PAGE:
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Plants Root Morphological Character Fusiform storage roots Conical storage roots Napiform storage roots Fasciculated roots Single storage adventitious roots Epiphytic roots Photosynthetic roots Respiratory roots Parasitic roots. Root nodules Tendrils Thorns Hooks Phylloclades Cladode Bulbils Tuberous stem Runners Stolons Suckers Off-sets Rhizome Corm Stem tuber Bulb Tendrils Spines Phyllodes Scale leaves Reproductive leaves Trap leaves Terminal inflorescence Axillary inflorescence Intercalary inflorescence Simple raceme Compound raceme Simple Corymb Compound Corymb Simple Umbel Compound umbel Simple Spike Compound Spike Catkin Simple Spadix Compound spadix Heterogamous Head Homogamous head - ray florets Homogamous head - Disc florets Compound head Solitary cyme Simple cyme Helicoid cyme Scorpioid cyme Dichasial cyme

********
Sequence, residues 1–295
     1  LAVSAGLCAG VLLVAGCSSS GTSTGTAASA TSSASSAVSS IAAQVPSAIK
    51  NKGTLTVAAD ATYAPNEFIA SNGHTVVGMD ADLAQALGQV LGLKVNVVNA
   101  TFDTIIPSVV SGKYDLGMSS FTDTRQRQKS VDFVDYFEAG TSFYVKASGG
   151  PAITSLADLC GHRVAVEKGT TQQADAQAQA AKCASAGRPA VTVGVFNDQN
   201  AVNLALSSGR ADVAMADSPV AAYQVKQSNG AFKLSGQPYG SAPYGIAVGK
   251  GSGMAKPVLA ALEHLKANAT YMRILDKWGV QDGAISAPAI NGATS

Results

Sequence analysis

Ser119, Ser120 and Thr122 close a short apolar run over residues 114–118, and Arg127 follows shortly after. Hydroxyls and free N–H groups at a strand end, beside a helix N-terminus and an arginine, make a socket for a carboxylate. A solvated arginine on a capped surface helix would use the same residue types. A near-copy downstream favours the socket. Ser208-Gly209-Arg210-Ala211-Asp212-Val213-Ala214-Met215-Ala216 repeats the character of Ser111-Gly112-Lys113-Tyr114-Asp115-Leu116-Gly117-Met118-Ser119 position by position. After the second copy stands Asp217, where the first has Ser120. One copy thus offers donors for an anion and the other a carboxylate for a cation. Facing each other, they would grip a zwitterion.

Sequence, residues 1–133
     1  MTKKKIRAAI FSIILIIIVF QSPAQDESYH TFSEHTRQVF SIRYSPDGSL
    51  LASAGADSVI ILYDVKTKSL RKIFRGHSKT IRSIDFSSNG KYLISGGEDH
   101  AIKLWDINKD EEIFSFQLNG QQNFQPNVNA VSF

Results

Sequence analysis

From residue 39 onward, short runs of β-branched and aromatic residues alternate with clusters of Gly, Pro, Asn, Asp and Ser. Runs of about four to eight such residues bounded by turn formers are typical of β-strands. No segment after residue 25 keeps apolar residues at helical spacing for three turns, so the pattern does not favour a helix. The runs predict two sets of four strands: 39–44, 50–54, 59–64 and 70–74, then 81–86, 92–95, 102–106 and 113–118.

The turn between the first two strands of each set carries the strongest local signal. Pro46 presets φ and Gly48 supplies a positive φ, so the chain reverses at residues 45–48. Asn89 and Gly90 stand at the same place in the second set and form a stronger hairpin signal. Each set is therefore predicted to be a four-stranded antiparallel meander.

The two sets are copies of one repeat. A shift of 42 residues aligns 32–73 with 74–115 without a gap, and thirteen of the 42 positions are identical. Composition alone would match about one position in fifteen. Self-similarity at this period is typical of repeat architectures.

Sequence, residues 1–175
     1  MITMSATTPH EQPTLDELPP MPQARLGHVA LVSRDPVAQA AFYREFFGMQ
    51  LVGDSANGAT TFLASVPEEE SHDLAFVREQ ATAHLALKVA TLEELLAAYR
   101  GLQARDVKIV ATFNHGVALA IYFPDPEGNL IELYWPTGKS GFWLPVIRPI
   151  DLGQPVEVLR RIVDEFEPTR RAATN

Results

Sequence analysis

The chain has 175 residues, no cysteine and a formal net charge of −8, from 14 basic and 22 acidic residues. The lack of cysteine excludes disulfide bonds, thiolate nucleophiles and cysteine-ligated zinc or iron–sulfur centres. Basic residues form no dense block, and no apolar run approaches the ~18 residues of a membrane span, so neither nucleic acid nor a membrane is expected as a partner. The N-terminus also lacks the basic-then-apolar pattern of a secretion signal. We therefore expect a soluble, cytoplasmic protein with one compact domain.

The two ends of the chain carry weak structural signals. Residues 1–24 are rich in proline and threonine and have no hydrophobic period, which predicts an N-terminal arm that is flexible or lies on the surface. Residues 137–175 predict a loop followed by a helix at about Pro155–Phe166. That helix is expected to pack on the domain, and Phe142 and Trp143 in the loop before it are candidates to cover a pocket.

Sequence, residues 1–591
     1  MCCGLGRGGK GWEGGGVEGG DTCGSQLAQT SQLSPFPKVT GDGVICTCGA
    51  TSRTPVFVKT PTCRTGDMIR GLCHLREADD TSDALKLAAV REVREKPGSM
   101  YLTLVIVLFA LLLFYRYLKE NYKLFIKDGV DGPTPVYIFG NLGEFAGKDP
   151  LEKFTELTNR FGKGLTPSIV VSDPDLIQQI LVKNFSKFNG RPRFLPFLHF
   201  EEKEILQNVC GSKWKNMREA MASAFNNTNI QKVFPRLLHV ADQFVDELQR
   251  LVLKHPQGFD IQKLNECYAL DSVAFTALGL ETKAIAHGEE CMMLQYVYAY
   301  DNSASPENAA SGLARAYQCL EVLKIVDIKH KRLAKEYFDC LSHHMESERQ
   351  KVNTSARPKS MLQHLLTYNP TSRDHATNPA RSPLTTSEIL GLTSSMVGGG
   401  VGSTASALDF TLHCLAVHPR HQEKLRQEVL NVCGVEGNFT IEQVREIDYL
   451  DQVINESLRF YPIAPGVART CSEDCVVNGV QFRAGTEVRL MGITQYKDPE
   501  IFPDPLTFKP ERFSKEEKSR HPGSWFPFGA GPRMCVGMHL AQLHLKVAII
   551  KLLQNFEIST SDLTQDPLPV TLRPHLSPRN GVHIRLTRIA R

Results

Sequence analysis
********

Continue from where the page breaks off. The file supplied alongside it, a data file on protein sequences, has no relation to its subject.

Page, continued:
Bacteria Economic Importance

Economic Importance Largest bacterium Ammonifying bacteria Nitrifying bacteria Nitrogen fixing bacteria Bioinsecticide Sunhemp retting Flax retting Tobacco curing Tea curing Gobar gas Acetone, Butanol Vinegar Lactic acid Propionic acid Ethanol Lysine Streptomycin, Cycloheximide Chloramphenicol Neomycin Kanamycin Amphoterican Oxytetracyclin Polymyxin B Bacitracin SCP Vector in genetic engineering. Crown gall of angiosperms Botulism Blight or Rice Angular leaf spot of cotton Citrus canker Wilt of Solanaceae plants Fire blight of apple Anthrax of Sheep Tuberculosis of man, dog and cattle Actinomycosis of cattle Vibriosis Dysentry in man Diphtheria Cholera Typhoid Pneumonia Leprosy Plague Gonorrhoea Tetanus Syphilis